That’s why I’m going with Max Scherzer. A guy who while “only” posting an ERA of 2.11 has a better WHIP, better strikeout ratios, better fielding independent pitching numbers and a lower opponent’s batting average than Greinke and just about everyone else. He has an astounding strikeout-to-walk ratio of 10.71 which, if it holds, will be one of the best marks in that category in history. Scherzer leads the NL in innings pitched, complete games, shutouts and batters faced as well. To me he’s the clear choice, even with that microscopic Greinke ERA.

Kershaw? Well, I feel like it’s a two-horse race here and I figured the third horse may as well be the guy leading the league in strikeouts and strikeouts per nine innings pitched. He also leads the league in xFIP while coming in second in FIP. The guy has pitched in some bad luck, especially dingers-wise. If that’s not good enough, I have him here so you deadenders who insist that he doesn’t “have what it takes” in the playoffs or some such can get mad.

Aaron Gleeman‘s ballot:

1. Zack Greinke, Los Angeles Dodgers
2. Max Scherzer, Washington Nationals
3. Gerrit Cole, Pittsburgh Pirates

There are definitely other compelling arguments to be made–for Max Scherzer leading the league in innings pitched and having the best all-around numbers, or for Clayton Kershaw being the best pitcher on the planet and leading the league in strikeouts. Ultimately, though, I’m a simple man and when someone goes into the All-Star break with the best first-half ERA by any starting pitcher since 1968 they get my vote.

Zack Greinke’s secondary numbers aren’t as good as his historic ERA, but they’re pretty damn good and his ERA is 1.39. One-thirty-nine. Greinke also ranks second to Scherzer in innings pitched and opponents’ batting average, is currently riding a 35.2-inning scoreless streak, and blows away the competition in Win Probability Added. I think there’s a strong chance Scherzer will wind up being the most deserving pitcher at the end of the season, but in the meantime I’ll ride with Greinke.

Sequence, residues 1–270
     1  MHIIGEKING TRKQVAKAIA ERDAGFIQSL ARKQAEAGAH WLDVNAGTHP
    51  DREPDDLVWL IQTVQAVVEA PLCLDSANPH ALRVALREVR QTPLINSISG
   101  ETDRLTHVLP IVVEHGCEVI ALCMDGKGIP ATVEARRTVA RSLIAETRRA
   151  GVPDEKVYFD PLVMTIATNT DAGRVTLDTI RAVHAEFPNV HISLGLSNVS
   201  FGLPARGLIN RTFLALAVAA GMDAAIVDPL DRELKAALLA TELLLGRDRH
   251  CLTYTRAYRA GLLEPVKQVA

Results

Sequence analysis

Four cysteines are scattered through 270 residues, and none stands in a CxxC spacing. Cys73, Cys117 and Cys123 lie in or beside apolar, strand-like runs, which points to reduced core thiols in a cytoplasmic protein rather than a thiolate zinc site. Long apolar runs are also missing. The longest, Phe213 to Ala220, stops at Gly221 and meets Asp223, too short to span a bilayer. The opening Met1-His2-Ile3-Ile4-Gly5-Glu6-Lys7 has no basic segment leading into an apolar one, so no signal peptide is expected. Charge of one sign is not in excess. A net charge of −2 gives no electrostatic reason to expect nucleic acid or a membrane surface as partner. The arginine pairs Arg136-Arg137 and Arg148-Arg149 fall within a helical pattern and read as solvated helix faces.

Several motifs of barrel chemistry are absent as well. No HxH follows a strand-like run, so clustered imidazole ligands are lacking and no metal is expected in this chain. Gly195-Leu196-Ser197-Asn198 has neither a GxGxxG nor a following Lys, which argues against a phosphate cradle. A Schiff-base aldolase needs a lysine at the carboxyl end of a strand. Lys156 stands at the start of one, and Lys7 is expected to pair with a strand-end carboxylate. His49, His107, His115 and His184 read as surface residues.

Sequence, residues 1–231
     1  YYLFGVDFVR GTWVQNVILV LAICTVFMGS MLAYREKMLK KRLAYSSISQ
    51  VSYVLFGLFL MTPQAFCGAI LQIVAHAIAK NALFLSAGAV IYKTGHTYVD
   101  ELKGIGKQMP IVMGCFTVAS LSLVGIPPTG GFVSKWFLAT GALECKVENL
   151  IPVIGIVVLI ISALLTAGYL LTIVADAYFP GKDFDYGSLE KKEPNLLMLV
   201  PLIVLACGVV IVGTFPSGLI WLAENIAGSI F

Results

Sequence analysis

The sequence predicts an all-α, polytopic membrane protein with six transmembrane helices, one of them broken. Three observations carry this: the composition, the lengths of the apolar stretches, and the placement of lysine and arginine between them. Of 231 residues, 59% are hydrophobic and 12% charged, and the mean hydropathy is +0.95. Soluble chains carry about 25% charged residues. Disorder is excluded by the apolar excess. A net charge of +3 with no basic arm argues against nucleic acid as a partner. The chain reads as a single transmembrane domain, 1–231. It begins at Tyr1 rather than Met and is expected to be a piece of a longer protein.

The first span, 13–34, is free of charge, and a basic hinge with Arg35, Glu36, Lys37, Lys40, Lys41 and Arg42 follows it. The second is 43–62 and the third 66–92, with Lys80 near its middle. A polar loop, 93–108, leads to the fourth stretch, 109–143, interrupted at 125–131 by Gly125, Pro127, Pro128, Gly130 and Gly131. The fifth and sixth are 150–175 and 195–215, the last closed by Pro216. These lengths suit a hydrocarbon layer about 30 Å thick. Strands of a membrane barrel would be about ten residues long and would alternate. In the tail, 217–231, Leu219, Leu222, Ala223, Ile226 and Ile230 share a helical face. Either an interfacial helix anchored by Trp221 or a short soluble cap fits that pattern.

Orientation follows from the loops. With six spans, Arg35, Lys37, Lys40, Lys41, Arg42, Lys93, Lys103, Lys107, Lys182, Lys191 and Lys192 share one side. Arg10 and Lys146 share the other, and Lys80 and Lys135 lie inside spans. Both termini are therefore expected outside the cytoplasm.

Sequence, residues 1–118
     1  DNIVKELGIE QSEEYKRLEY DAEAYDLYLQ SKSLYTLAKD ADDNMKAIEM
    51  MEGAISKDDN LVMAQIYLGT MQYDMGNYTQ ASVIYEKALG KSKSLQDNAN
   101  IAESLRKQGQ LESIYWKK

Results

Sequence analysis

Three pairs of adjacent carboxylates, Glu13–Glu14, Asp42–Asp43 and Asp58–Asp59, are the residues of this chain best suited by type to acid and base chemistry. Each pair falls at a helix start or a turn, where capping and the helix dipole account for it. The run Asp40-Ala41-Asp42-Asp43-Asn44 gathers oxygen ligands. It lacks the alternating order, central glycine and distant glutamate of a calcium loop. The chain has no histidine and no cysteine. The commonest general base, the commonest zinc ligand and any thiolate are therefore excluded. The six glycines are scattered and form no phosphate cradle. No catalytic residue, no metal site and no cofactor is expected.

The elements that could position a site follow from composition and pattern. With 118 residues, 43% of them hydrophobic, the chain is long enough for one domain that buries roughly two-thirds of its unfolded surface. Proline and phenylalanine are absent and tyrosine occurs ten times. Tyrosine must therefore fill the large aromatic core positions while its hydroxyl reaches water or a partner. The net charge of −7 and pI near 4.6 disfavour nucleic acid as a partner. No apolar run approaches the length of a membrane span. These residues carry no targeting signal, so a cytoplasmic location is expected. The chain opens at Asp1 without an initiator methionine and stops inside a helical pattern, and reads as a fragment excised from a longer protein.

Zack Greinke and Dallas Keuchel named All-Star starters

Zack Greinke AP

All-Star managers Bruce Bochy and Ned Yost have chosen their starting pitchers, with right-hander Zack Greinke of the Dodgers getting the assignment for the National League and left-hander Dallas Keuchel of the Astros being the pick for the American League.

Greinke’s excellence is well known. He’s a three-time All-Star and former Cy Young winner who currently has a 35.2-inning scoreless streak and an MLB-best 1.39 ERA that’s the lowest by any starting pitcher at the All-Star break since 1968.

The other starting pitchers on the NL roster are Madison Bumgarner, A.J. Burnett, Gerrit Cole, Jacob deGrom, Carlos Martinez, Clayton Kershaw, Shelby Miller, Max Scherzer, and Michael Wacha.

Keuchel is a great story. He was never considered a top prospect, had a losing record with a 3.74 ERA in the minors, and went 9-18 with a 5.20 ERA for the Astros in 2012 and 2013. Then last season he took a huge step forward, throwing 200 innings with a 2.93 ERA, and Keuchel has been even better this season with an 11-4 record and 2.23 ERA in a league-high 137 innings.

The other starting pitchers on the AL roster are Chris Archer, Sonny Gray, Felix Hernandez, David Price, Chris Sale, and Hector Santiago.

Last year’s All-Star starters were Adam Wainwright of the Cardinals for the National League and Felix Hernandez of the Mariners for the American League.